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November 1965

Inhibition of Immune Corneal Graft Rejection by Azathioprine (Imuran)

Author Affiliations

New York
From the Department of Ophthalmology, Corneal Center, Columbia-Presbyterian Medical Center, Columbia University, New York.

Arch Ophthalmol. 1965;74(5):683-689. doi:10.1001/archopht.1965.00970040685018

Penetrating corneal homografts in vascularized rabbit corneas are regularly rejected if skin from the corneal donor is grafted to the corneal recipient.1-4 The delayed graft reaction and the similarity of the clinical picture in experimental and in human grafts point to a common immunological type of reaction.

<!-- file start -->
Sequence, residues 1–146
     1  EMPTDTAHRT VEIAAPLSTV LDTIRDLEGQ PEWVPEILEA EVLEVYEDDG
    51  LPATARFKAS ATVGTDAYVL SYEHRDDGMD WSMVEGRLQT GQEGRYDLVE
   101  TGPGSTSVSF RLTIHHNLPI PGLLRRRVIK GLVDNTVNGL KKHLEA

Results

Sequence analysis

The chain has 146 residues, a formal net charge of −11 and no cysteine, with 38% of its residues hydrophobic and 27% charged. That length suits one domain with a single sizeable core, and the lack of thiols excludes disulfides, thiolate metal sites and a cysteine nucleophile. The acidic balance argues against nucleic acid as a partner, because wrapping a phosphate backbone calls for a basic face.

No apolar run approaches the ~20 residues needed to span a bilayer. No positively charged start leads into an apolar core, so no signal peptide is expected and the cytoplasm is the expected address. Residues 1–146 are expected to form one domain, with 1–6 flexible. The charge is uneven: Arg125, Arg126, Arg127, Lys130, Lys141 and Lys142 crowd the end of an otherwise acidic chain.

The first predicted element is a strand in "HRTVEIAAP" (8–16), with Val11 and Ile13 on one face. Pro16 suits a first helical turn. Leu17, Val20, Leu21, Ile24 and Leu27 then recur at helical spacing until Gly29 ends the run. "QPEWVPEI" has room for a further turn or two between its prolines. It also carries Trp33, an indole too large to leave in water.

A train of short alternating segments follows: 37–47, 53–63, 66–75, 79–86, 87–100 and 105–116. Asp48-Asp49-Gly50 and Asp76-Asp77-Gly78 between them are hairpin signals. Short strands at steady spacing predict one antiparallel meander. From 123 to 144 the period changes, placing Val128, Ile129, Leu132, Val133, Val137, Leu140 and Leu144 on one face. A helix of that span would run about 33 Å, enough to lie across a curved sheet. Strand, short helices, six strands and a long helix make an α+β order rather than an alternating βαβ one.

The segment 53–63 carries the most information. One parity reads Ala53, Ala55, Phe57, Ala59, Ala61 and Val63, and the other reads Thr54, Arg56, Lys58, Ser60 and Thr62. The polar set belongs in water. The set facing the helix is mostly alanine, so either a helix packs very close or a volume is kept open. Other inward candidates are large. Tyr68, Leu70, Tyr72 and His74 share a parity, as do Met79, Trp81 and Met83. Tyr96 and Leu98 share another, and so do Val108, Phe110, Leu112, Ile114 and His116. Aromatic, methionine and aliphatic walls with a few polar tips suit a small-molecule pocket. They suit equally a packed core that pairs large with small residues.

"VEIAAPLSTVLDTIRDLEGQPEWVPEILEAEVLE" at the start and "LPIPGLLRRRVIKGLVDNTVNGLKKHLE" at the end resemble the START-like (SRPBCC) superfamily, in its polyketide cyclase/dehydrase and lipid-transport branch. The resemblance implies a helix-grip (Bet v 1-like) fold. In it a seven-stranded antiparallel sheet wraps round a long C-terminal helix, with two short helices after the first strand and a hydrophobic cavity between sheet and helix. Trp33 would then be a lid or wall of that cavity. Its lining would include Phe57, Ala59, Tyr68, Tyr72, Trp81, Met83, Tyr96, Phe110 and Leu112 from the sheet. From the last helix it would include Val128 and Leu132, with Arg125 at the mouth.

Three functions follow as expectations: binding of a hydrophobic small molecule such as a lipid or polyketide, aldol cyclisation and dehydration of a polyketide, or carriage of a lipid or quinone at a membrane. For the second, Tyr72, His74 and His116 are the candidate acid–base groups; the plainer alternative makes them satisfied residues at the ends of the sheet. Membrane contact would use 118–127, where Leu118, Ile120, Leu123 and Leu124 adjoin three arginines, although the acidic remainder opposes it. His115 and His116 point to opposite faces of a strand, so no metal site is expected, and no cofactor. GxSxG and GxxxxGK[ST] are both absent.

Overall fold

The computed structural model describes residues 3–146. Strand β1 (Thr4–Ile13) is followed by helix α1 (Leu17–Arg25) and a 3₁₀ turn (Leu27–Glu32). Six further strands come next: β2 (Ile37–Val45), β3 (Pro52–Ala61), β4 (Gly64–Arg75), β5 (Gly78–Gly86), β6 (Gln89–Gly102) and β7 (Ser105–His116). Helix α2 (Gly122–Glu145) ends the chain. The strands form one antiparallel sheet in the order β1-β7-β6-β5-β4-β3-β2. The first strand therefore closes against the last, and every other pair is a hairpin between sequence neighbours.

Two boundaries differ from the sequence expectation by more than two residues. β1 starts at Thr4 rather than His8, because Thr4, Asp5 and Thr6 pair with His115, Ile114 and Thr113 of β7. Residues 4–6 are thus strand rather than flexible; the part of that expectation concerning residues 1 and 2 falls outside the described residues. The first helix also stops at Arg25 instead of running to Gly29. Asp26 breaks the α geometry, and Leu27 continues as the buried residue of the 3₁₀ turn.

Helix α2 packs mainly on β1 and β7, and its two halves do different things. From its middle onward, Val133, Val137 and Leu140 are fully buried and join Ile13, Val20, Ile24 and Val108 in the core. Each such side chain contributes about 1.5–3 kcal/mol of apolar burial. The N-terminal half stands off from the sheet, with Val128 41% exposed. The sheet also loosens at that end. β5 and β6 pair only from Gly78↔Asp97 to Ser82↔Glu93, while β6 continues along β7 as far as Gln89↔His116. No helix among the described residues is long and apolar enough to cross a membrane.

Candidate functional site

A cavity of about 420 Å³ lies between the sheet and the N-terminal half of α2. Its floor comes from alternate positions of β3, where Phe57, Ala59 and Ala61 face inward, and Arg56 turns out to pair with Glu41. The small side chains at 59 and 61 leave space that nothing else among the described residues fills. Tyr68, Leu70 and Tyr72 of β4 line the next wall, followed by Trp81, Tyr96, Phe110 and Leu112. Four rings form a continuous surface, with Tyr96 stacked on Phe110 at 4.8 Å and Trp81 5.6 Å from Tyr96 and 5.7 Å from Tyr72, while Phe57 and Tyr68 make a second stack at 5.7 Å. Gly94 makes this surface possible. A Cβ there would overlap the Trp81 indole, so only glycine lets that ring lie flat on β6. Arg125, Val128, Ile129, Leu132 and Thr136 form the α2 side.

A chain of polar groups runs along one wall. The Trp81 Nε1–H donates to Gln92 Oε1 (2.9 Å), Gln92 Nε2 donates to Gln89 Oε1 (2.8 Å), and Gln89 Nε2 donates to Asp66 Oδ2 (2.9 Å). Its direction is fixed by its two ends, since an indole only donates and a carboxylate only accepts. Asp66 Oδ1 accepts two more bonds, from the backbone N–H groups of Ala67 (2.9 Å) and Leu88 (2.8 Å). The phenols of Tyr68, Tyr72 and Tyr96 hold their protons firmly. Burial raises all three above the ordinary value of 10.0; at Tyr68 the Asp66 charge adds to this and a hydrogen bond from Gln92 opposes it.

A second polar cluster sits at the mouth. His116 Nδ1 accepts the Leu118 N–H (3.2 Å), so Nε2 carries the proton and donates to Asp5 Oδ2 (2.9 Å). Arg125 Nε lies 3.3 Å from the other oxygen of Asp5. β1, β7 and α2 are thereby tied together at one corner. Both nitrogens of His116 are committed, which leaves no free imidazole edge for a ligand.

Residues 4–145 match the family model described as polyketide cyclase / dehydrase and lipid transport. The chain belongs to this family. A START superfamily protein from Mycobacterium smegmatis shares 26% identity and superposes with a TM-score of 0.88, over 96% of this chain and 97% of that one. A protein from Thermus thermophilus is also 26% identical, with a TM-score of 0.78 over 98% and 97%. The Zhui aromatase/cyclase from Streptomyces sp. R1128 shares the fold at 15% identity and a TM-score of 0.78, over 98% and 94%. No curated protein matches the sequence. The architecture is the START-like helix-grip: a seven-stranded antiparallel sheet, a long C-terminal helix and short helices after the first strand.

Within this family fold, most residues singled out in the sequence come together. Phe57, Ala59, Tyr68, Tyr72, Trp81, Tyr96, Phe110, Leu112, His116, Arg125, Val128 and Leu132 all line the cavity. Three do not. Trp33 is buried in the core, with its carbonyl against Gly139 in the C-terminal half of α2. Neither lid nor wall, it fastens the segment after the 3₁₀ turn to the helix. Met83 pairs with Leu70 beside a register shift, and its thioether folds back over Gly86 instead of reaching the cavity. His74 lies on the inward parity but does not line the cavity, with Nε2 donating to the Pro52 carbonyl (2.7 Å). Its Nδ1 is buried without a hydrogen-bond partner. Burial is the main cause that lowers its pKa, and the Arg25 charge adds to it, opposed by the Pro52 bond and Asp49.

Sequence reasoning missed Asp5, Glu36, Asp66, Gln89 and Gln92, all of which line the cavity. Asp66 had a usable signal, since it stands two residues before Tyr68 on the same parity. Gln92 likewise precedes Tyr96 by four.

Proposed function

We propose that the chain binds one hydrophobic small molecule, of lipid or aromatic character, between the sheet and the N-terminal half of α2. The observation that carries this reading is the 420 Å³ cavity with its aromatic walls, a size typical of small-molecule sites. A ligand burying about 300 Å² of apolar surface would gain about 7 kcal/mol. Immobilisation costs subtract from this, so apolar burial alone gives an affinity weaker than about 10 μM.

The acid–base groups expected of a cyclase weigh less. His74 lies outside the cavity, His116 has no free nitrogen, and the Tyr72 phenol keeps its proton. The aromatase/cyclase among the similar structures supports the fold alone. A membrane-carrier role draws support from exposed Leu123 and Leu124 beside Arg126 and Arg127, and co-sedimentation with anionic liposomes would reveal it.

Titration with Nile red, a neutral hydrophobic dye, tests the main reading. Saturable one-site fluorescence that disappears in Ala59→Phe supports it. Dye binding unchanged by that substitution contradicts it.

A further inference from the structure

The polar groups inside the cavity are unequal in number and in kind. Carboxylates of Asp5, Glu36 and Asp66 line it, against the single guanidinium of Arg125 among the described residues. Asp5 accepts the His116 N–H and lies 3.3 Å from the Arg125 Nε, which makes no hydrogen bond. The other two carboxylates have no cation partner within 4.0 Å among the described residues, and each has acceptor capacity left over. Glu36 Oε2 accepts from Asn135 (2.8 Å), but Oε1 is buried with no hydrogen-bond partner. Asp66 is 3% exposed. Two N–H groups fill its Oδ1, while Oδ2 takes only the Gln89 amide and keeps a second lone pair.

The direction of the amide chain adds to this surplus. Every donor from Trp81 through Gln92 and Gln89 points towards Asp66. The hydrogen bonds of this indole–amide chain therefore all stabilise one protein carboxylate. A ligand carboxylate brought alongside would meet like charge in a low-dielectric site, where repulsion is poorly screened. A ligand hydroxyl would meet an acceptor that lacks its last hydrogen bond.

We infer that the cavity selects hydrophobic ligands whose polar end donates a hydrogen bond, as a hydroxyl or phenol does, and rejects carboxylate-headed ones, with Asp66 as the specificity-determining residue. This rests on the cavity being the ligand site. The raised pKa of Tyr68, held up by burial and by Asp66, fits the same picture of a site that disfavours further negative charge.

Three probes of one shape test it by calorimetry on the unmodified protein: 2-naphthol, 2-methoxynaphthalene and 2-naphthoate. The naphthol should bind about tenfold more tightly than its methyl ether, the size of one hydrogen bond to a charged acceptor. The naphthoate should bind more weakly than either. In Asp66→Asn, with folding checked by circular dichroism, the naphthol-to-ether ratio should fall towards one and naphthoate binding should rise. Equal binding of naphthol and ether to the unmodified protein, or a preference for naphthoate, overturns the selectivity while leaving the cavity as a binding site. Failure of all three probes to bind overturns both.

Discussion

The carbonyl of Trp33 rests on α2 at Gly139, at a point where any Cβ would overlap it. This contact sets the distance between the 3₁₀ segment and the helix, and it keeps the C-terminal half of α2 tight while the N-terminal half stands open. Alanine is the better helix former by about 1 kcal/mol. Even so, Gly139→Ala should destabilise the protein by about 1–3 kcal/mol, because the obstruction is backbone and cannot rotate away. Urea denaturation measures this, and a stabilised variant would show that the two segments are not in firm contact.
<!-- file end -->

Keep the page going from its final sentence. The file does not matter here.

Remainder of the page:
Corneal vascularization is required for the experimental immune rejection of corneal homografts;5-6 in its absence, even lamellar heterografts can remain clear indefinitely.6-7 One of the problems found in clinical cases of corneal homotransplantation is how to prevent the late corneal graft rejection (or graft sickness) when the transplant has been done in a vascularized host. To a certain extent, corticosteroids can prevent or diminish the reaction,6 but in most cases, they fail to prevent opacification of the transplant.

The successful use of antimetabolites, especially 6-mercaptopurine (6-MP) and its derivative azathioprine, in preventing the rejection of highly vascularized organs such

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